Regionalism

Regionalism in Europe

Description of Regionalism

The Concise Encyclopedia of the European Union describes regionalism in the following terms: [1] Regionalism is a significant element in Belgian, German, Italian and Spanish political administration; in the UK it relates specifically to the Celtic fringe; and it is of lesser importance in the more unitary states of France, Greece, Ireland, Portugal and Scandinavia. These differences stem from ethnic, religious or political features of the past, with consequences varying in extremity from the terrorism of ETA in Spain and the IRA in Northern Ireland to the virtual partition of Belgium and the ordered federalism of Germany. At its mildest, regionalismis merely folkloric, or an occasion to attract structural funds from the Eu (see more in this European encyclopedia). At its strongest it represents an alternative to the nation state (see more in this European encyclopedia). The Basque country, Catalonia, Scotland, Flanders, Ulster, Bavaria and Italy’s Northern League all present different aspects of the regional phenomenon.

The influence of Germany in European affairs has led to a presumption in favour of the German style of government as a constitutional model for the EU, with a multiplicity of regional governments and bureaucracies taking responsibility for administration in such areas as education, health, ‘spatial planning’ (that is, land use, transport and the environment) and much of the rest of the spending budget. Justice, monetary policy, defence and foreign policy are left to the federal centre (see more in this European encyclopedia). This model is well suited to the Commission’s ambition to transfer power from national parliaments upwards to the supranational bodies of the EU and downwards to 111 regional bodies, many of which are artificial constructs with little, if any, grounding in traditional loyalties. (It has, for example, been remarked that the Commission’s regional map nowhere contains the name ‘England’.)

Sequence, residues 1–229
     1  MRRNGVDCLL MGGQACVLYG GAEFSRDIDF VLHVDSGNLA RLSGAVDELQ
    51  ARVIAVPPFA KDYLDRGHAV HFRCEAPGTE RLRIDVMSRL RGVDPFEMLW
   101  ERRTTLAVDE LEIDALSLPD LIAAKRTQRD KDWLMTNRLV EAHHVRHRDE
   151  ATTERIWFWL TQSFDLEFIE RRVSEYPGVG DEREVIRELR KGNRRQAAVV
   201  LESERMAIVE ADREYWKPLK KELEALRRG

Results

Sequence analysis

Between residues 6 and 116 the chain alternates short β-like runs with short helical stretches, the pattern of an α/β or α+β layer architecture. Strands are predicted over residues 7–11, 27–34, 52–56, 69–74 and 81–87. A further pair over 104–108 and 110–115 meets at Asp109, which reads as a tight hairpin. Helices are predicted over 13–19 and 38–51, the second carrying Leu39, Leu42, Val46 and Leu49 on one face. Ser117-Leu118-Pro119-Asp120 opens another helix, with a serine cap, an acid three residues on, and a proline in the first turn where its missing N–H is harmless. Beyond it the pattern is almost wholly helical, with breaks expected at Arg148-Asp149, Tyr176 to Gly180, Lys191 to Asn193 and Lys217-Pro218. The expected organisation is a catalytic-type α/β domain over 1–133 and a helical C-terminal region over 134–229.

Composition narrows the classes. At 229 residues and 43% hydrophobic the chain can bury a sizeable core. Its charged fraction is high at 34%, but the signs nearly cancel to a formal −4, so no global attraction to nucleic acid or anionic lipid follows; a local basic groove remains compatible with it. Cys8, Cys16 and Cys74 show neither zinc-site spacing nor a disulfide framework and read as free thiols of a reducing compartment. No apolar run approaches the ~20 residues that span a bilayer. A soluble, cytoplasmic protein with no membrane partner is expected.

European regionalism finds its main institutional outlets in the Committee of the Regions, a consultative quango established by the Maastricht Treaty, and the European Regional Development Fund, set up on a small scale in 1975 but subsequently boosted. There are also various bodies attached to the EU which occupy themselves with regional, municipal or local government agendas oriented either to the solicitation of subsidies or to propaganda. For instance, town twinning is arranged by the Council of European Municipalities and Regions; and the promotion of regionalism and federalism is the mission of the Assembly of European Regions.

Regional Tribunals and Courts

For information on Regional court decisions:

Resources

Notas y References

  1. Based on the book “A Concise Encyclopedia of the European Union from Aachen to Zollverein”, by Rodney Leach (Profile Books; London)

See Also

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